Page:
8 Have we developed an opportunity for access to an online academic community? We think so. And contrary to some opinions, we think it is important at least for those learning to assume new roles as primary care providers. Levine, in the New York Times OP-ED page noted that older part time students said they wanted a relationship with their college similar to the one they had with their utility company or supermarket their emphasis was on convenience, service, quality and affordability [4]. Our experience has been somewhat different. We do not debate the value of convenience, service, quality or affordability. We continue to upgrade our online university by adding new resources and services, and faculty strive to present high quality coursework. Students can and do access their courses at all hours of the day and night as many times as they chose. Our online university increases the affordability of education since students can continue to work, stay in their community and study part time. But our students and the faculty they work with have additional needs and goals. They seek long-term collegial relationships and a professional sense of identity and shared values. Access has many meanings. Our mission is to provide educational opportunities for rural students and access to health care for residents in rural areas of our state. The web-based format using an asynchronous learning mode provides opportunities to bring not just coursework, but the resources of our university to rural students. Since we began our journey with asynchronous online learning, software course packages have become available commercially. For those engaged in delivering a degree program in the health professions, we recommend viewing such software as part of a larger system that brings the university and its resources to students. Technology should not drive pedagogy. We also recommend a thoughtful approach to preparing students and faculty for online educational delivery systems. Such preparation ensures that the focus of the educational experience is learning, the development of collegial relationships and professional socialization. VII. REFERENCES 1. East Carolina Health Services Research and Development. Rates calculated by Alton Rucker and John Spencer, East Carolina Health Services Research and Development and the Cecil G. Sheps Center for Health Services Research, the University of North Carolina at Chapel Hill. Calculated from data published in the 1994 Directory of Physicians in Eastern North Carolina. 3. North Carolina Health Professions Databook Levine, Arthur. The Soul of the University, New York Times OP-ED, March 13, VIII. ABOUT THE AUTHORS Mary T. Champagne is Dean of the Duke University School of Nursing. PhD, University of Texas (Austin), 1981; MSN, University of Texas (Austin), 1975; BSN, San Jose State College, She is the project director for the Duke-East Carolina University Partnerships for Training Program. Address: Box 3322, Duke University Medical Center, Durham, NC 27710; telephone: Ext. 225; Donna Hewitt, RN, MN, professor emeritus, was a faculty member and Director of Special Projects in the Duke University School of Nursing. Prior to her retirement in 2001, Professor Hewitt oversaw all computer hardware, software applications, and technology personnel within the School of Nursing. She led the School in building capacity for online learning.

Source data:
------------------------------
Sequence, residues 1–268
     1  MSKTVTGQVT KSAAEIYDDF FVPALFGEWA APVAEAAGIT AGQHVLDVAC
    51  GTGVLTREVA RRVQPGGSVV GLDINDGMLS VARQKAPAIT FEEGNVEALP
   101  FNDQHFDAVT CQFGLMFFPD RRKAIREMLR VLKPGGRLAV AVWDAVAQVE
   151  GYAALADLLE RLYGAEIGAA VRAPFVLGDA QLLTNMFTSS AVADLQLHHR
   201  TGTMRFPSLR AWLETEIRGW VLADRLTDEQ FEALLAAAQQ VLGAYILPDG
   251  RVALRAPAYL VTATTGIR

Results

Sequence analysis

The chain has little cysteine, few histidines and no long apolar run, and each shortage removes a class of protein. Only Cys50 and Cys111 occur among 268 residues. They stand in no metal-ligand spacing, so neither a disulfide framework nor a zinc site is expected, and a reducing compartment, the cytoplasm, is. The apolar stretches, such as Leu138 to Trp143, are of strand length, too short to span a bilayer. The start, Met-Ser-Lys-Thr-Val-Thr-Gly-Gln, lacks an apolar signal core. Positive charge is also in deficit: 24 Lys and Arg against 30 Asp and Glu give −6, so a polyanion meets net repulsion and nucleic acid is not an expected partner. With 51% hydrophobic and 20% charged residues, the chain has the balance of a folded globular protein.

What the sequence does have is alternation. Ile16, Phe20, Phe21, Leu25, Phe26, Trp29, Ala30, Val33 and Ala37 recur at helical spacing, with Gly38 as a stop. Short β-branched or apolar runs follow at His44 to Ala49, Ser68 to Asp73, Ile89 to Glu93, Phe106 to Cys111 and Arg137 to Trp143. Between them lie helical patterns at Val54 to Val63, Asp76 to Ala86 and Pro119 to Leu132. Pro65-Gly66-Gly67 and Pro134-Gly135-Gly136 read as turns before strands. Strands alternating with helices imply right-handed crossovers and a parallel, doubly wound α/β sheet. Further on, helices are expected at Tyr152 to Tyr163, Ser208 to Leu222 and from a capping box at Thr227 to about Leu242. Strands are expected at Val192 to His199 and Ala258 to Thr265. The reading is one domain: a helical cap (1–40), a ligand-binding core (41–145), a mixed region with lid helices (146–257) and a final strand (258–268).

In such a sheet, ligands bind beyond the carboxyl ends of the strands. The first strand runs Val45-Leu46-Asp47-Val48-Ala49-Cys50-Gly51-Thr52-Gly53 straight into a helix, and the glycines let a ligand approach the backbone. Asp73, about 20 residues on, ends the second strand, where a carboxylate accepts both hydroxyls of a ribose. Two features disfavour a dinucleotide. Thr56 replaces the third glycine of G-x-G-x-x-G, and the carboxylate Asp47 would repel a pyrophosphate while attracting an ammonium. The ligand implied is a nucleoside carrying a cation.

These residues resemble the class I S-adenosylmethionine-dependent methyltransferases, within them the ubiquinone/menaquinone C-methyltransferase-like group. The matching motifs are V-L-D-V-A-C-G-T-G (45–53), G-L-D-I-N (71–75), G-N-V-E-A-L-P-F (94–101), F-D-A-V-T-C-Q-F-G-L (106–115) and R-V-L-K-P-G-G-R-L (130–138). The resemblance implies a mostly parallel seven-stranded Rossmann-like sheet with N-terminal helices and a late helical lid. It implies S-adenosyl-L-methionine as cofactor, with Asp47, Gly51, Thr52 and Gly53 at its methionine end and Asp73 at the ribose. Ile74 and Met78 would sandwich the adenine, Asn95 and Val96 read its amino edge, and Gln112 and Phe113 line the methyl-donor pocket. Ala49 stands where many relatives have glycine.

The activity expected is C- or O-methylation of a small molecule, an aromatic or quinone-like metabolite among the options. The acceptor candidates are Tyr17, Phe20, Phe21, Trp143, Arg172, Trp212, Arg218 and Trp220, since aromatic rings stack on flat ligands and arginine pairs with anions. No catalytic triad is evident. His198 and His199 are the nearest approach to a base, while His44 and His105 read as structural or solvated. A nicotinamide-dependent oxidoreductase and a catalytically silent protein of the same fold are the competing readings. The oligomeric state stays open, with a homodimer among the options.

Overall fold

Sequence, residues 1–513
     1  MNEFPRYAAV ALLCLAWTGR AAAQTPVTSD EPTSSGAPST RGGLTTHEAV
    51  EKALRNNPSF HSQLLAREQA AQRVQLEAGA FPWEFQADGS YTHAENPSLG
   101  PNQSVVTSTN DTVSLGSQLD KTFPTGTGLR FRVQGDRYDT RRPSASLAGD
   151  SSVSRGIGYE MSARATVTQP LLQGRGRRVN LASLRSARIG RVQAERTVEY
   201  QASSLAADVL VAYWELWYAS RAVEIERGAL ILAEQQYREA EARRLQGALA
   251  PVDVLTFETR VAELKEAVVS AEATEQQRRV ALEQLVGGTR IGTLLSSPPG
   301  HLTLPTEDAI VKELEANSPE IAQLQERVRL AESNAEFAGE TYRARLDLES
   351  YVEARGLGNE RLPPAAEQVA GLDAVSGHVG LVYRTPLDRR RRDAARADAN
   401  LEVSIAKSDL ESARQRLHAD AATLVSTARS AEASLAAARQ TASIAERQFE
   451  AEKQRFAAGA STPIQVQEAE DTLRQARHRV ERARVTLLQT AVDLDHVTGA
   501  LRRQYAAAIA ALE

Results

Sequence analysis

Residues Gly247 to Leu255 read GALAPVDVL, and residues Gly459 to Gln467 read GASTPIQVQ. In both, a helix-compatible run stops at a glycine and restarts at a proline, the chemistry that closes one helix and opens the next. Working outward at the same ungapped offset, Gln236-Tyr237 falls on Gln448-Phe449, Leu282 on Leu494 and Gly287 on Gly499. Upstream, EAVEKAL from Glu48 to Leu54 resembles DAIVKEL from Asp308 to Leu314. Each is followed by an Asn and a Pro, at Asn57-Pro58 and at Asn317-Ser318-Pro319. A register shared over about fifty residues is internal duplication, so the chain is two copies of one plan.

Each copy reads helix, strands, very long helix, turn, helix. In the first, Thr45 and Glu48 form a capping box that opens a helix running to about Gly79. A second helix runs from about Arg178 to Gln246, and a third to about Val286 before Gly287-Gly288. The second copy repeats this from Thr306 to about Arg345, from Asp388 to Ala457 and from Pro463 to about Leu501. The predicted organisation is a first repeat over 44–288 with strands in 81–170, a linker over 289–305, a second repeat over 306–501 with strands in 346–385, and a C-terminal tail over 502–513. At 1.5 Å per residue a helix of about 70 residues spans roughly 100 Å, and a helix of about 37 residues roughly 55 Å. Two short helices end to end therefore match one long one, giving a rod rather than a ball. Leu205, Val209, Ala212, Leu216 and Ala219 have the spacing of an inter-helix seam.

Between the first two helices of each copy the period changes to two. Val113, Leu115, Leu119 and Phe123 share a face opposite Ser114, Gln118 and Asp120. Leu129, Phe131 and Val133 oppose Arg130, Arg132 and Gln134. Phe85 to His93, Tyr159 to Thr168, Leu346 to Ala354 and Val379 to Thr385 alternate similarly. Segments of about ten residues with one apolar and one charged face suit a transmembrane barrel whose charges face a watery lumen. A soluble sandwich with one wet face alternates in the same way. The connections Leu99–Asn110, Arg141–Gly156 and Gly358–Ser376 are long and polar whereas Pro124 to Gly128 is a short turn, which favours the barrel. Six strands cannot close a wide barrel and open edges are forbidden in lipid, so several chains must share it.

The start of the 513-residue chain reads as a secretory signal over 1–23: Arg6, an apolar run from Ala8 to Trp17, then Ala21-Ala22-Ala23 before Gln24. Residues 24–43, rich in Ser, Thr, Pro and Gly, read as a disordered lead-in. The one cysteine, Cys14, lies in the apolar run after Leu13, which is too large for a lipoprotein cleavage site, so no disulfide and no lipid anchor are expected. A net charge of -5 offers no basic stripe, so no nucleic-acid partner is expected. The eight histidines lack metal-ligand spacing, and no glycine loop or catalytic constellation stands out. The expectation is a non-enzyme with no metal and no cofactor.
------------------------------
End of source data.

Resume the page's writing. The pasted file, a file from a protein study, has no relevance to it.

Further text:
9 Nancy M. Short is Assistant Dean for Special Projects at the Duke University School of Nursing. She has recently administered a cutting edge, web-based curriculum for nurse practitioners, physician assistants and certified nurse midwives at the Duke University School of Nursing and East Carolina University. She has published numerous articles on distance education and also workplace issues for nurses. She holds the BSN and MBA degrees from Duke University and is a candidate for the DrPH degree at the UNC-CH School of Public Health. Susan Pietrangelo-Brown, MSN, RN, FNP, formerly an Assistant Clinical Professor with the Duke University School of Nursing, served as the Curriculum Coordinator and Lead Online Instructor for the Duke-ECU Partnerships for Training Program. She was responsible for developing and implementing key courses within the curriculum, including the interdisciplinary Physical Assessment and Diagnostic Reasoning course, as well as the five clinical courses for the FNP track. Susan also taught in the Health Promotion and Pharmacology courses. Susan created the Computer Skills Assessment Tool, used to evaluate students' self-reported computer skills. In addition, she created, implemented and maintained the Faculty Instructional Technology Resource, available to both Duke and ECU faculty members, to assist in the transition to teaching asynchronously. Susan also served as primary faculty in the School's campus-based Family Nurse Practitioner Program, and held an adjunct appointment in the East Carolina University School of Nursing. Susan Brown may be contacted via at Susan Epstein, MPA, is Chief of the Division of Community Health at Duke University. MPA, University of New Hampshire, 1974; BA, Connecticut College, Address: Division of Community Health, Box 2914, Duke University Medical Center, Durham, NC 27710; Telephone: ; Fax: ; Susan Epstein served as the project director for the Duke-East Carolina University Partnerships for Training Program during the two year planning period, building the relationships and systems to support the implementation of the program. She currently serves at Chief of the Duke Division of Community Health, a joint Division between the Department of Community and Family Medicine and the School of Nursing, creating inter-disciplinary, multi-agency community based programs for populations who face barriers to primary care. She previously served as Acting Director of the New Hampshire Division of Public Health Services, Deputy Director of the NH Medicaid Program, Director of Plan Implementation for the statewide Health Systems Agency, and Executive Director of Lamprey Health Care, a section 330 Community Health Center. She held policy positions in New York City and the Commonwealth of Massachusetts. Margaret T. Bowers, BSN, MSN, CS, FNP is an Assistant Clinical Professor in the Duke University School of Nursing and a Nurse Practitioner in the Heart Failure Disease Management Program at Duke University Medical Center. Post Master's certificate, Duke University 1998; MSN Duke University, 1990, BSN, Binghamton University, Margaret Bowers has been a primary faculty member in the Duke-East Carolina University Partnership for Training Program. She has coordinated and taught in a variety of classes including: Pharmacology, Physical Assessment and Managing Acute and Chronic Health Problems. Her experience in distance education is clinically focused and she has experience with a variety of techniques in the delivery of online coursework. Margaret has clinical experience as a Critical Care Clinical Nurse Specialist for an air and ground transport program at Duke University Medical Center. She has a variety of experience in both inpatient and outpatient cardiology and is the primary faculty in the Adult Nurse Practitioner Cardiovascular Program at Duke University School of Nursing. Margaret maintains an active clinical practice as a Nurse Practitioner managing patients in a Heart Failure clinic. Address: Duke University, School of Nursing, Box 3322 Medical Center,